“Duncan Kane… he used to be my boyfriend.”
Here’s a question for those with long TV-viewing memories: what was the first show to use the term “Previously on…” when recapping the events of earlier episodes?
It used to be that when a show did a two-parter, they would say something like “Here are scenes from last week’s episode.” Sometimes they’d even have the actor himself introduce the recap: “This is James Garner, and here are some scenes from last week’s episode of The Rockford Files“ was a common refrain. Or Rod Roddy on Soap would say “In the last episode of Soap…”
The first time I heard “Previously on” was on the second part of a two-part episode of Newhart in the late ’80s. But that’s not where it started; that’s just the first place I heard it.
“Previously” is a very awkward word to use, even if we’re all used to it by now; but it’s the only word they can use: they can’t say “last week” because that doesn’t work when the show goes into syndication, and they can’t say “in the last episode” because most recaps include material from several episodes, not just the last one. So “previously” it is, and we’re stuck with it.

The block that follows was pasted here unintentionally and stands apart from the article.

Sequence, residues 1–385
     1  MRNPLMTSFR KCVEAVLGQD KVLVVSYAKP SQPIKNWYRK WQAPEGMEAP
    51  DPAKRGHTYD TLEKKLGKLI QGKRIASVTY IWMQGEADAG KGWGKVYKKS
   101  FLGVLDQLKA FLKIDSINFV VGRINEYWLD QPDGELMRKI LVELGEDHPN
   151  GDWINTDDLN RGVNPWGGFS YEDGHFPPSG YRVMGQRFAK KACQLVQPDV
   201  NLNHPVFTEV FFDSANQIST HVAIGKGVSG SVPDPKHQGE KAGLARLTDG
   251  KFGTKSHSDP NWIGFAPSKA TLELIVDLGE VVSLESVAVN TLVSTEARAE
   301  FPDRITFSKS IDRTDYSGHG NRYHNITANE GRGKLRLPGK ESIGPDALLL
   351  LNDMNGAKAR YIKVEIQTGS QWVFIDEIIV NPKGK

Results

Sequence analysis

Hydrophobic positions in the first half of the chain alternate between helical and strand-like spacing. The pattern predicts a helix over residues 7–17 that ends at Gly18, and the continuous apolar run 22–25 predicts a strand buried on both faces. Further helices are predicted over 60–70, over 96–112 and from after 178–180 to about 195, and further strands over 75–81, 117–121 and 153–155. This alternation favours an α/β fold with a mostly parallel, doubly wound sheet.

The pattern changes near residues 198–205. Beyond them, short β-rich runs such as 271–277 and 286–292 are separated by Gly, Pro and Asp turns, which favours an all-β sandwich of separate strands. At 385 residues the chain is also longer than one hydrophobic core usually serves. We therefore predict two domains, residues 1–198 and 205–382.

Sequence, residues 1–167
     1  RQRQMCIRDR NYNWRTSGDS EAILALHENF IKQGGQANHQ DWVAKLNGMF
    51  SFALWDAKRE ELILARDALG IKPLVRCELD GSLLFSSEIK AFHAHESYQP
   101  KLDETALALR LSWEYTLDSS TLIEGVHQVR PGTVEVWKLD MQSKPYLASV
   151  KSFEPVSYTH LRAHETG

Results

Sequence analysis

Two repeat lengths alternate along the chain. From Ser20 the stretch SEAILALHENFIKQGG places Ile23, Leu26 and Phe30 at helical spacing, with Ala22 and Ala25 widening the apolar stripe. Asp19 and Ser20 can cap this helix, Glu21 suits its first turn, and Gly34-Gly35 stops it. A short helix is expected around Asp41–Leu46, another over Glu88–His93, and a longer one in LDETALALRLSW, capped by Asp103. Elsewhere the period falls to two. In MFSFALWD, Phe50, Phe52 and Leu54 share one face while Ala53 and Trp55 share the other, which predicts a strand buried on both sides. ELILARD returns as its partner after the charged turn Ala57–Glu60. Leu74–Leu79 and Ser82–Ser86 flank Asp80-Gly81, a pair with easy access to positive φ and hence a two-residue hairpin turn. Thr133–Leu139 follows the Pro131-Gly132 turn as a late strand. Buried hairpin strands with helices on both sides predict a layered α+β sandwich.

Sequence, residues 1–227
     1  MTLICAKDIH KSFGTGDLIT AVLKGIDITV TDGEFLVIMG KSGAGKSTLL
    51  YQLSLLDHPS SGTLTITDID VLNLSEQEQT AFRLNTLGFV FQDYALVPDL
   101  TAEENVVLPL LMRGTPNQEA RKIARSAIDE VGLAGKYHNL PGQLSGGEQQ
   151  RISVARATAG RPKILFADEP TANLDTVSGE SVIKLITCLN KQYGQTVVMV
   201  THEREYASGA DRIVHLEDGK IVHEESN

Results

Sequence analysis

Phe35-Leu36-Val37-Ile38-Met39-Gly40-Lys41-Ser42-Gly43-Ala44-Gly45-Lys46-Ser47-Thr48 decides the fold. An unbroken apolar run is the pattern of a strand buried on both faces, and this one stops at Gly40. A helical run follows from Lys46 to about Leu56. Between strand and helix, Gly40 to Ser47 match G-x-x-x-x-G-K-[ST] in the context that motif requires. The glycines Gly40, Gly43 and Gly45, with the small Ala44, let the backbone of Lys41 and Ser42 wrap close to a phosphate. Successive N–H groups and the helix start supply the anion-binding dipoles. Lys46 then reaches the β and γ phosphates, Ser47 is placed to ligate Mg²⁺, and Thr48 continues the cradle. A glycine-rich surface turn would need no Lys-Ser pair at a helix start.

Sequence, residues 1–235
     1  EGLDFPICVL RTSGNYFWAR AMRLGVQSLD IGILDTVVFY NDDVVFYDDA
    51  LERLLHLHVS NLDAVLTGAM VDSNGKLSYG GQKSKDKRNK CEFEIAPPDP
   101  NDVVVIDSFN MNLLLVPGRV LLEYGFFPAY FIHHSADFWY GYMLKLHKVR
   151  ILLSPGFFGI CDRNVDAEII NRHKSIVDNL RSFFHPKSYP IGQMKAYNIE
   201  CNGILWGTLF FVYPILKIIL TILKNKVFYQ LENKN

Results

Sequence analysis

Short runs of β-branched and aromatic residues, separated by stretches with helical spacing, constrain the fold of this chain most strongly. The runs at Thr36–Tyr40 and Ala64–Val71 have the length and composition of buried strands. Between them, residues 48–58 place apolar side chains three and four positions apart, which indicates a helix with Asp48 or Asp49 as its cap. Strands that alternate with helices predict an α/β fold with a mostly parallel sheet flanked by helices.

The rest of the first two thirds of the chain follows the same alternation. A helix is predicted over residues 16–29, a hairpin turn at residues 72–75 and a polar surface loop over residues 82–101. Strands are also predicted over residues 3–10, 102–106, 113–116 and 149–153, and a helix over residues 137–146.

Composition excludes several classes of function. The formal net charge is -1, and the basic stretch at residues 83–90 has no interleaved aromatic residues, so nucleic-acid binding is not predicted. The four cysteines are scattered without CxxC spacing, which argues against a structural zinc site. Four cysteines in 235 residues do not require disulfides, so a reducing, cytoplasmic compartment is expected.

The other question about “Previously”s is which shows do good recaps. Most recaps are as confusing and unhelpful as what they replaced: the thirty-second collections of clips from the episode we’re about to see. (It used to be that if a show was doing a two-parter, they’d have the “coming attractions” trailer before the credits, and the recap after the credits. They saved a lot of time and money by devoting a good chunk of the episode to clips, and it wasn’t even a clip show.) Sometimes they try too hard to fill us in on exposition and backstory that is, or should be, given in the episode itself, like those early Veronica Mars recaps that informed us every week that Duncan used to be Veronica’s boyfriend. But what are some shows where the recaps do a good job of filling us in on what we need to know, without overlapping with information that is contained in the episode?